When It's Personal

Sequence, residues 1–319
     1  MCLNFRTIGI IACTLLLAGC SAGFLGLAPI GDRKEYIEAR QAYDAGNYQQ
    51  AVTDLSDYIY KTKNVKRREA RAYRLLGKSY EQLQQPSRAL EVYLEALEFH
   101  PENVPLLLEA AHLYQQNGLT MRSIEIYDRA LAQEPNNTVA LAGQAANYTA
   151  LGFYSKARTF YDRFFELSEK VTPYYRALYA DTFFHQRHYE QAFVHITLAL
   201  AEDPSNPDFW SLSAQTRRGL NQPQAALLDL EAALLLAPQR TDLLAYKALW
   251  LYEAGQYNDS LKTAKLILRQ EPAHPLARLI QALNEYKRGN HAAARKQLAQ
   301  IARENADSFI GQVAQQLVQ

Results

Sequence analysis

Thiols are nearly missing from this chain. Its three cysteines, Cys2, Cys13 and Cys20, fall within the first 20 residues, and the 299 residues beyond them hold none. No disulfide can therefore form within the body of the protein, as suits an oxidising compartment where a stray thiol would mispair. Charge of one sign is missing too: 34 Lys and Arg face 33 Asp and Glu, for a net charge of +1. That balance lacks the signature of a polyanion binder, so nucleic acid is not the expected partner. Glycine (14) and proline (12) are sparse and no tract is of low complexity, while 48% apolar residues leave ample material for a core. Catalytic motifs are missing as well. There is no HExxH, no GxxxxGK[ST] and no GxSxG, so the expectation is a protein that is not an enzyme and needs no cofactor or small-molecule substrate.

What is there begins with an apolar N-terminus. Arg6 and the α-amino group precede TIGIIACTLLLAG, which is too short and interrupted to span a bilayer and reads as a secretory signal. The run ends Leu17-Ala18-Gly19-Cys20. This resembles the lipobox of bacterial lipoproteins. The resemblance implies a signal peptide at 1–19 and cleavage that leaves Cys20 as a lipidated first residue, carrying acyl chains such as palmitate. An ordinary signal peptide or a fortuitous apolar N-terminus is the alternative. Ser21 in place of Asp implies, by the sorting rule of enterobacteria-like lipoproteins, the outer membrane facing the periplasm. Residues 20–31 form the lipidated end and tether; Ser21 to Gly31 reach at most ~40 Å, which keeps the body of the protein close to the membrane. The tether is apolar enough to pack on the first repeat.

The story for this post comes from This American Life, 673 Left Behind. If you have 20 I recommend you click and listen from 16:30 minutes to 36:40. You can read the full transcript here, but the podcast has a greater impact, an illustration of the power of storytelling. Dear Group, People thrive on Us versus Them narratives. Propaganda, often characterized by repetition of a few words or a simple idea, can be used to shape the narrative. Thus it is that anti-immigrant rhetoric "rapists, murderers, MS-13" fires up passion among those disposed to listen. But what happens when the "Them" gets personal? On the morning of April 5, 2018 agents of Immigration and Customs Enforcement (ICE) and Tennessee Highway Patrol troopers raided a slaughterhouse 15 miles outside of Morristown, Tennessee, a town of about 30,000 in the Appalachian Mountains. (The nearest big city is Knoxville, population 186,000, about an hour away.) Morristown is a bastion of Republicanism and an area containing about 100 churches. News articles of that day focus on the alleged malfeasance of the owners of the slaughterhouse in hiring undocumented immigrants, not on the effects of the raid on the social fabric of the surrounding towns. The podcast I featured today fills in some of the those details. Nearly a hundred people were held for questioning on the day of the raid. Fifty-four of them were sent to a detention center around six hours away in Alabama. They were allowed little or no contact with their families before departure. We don't often think of it this way, but such an event touches many hundreds of lives. It tore at the social fabric of the town...and it provides cause for people to wonder if the point of deportation might be more than "rapists and murderers and drug dealers." Below is a copy of part of the transcript from the podcast. [The bold in the quote is mine.]: Lilly Sullivan [moderator] She [Krista Etter] saw the ICE trailer, officers cordoning off the entrance to the plant. Krista's a Trump supporter. She's not a fan of illegal immigration. Most of the area is that way. The county went 77% to Trump. She didn't know anyone who'd been directly affected. Over the weekend, she went to a vigil for the parents who'd been taken away, not because she wanted to. She didn't. She's the general manager for a local paper. And they asked her to take pictures. She says that when she showed up, she was actually a little angry that all these people were there at all, like what do they expect? These people broke the law. They should have seen it coming. Krista Etter I thought this possibly was a good thing, that ICE was cracking down on immigration. They're here illegally. They need to go home. Lilly Sullivan [moderator] And then she started listening to the kids at the mic. Teenager [SPEAKING SPANISH] Krista Etter There was a young man. He was a teenager, 14, 15 years old, that said, he just wanted his mom to come home. Teenager [SPEAKING SPANISH] Krista Etter He didn't have anybody else. He just wanted his mom to come home. Teenager [SPEAKING SPANISH] Krista Etter It just really, just shook my soul. It was-- it was almost overwhelming, because there were so many children speaking. And-- and, I actually kind of had to get out of there. Because I was like, it's getting hot. And I have health issues. And I was like, I need to-- I have to remove myself, you know, walk out to my car, get a breath. And God's kind of going, see, I wanted you here, because you're not correct in your thinking. You're not correct in thinking that this is so black and white. Because when I heard crack down on illegal immigration, I interpreted it as a crackdown on illegal immigrants that were criminals. If there was a drug situation, you know, violent criminals, pedophile, any kind of situation of that nature. That's what I expected. And I really believe I'm not the only one who did that. I don't think anybody ever really stopped to think that they were going to go after the family man working at the meatpacking plant. That's not what I had in mind. I'm still a President Trump supporter. I guess, I have to hold out hope that maybe he didn't understand he was going after the guy in the meatpacking plant. I mean, I guess he probably does. Lilly Sullivan [moderator] I talked to a lot of people in town, who, after the raid, said they felt stunned. People kept reminding me, this is the Bible Belt. This town's God fearing. There's over 100 churches in the area. Love thy neighbor, people take that seriously. You'd have to listen to the podcast to hear just how seriously the conservative residents of Morristown reacted. The trouble is it will take a lot more writing and storytelling and preaching than this podcast to change the propaganda narrative of "rapists, murderers, and drug dealers" for many of the Republican voters of area. Think of this story the next time you read of the City of Spokane City Council discussing alleged violations of citizens rights by government agents at the Intermodal Center (the old railroad station downtown). Keep to the high ground, Jerry P.S. Researching this story was a lesson for me in the fragmentary nature of our understanding of almost everything. The news articles I was able to google were very dry. They presented little beyond some raw facts, numbers and a few quotes, mostly from government officials. It is something else entirely to listen to the podcast, explore the area on googlemaps, and listen to the voices of the people who were there and the reaction of the community. This is a lesson the talking heads on Fox News and Donald Trump understand all too well: keep beating the drum about "rapists, murderers, and drug dealers" and your listeners will form a mindframe that allows them to condone the most awful things...so long as they don't have to confront the reality of how those actions affect their neighbors, real people.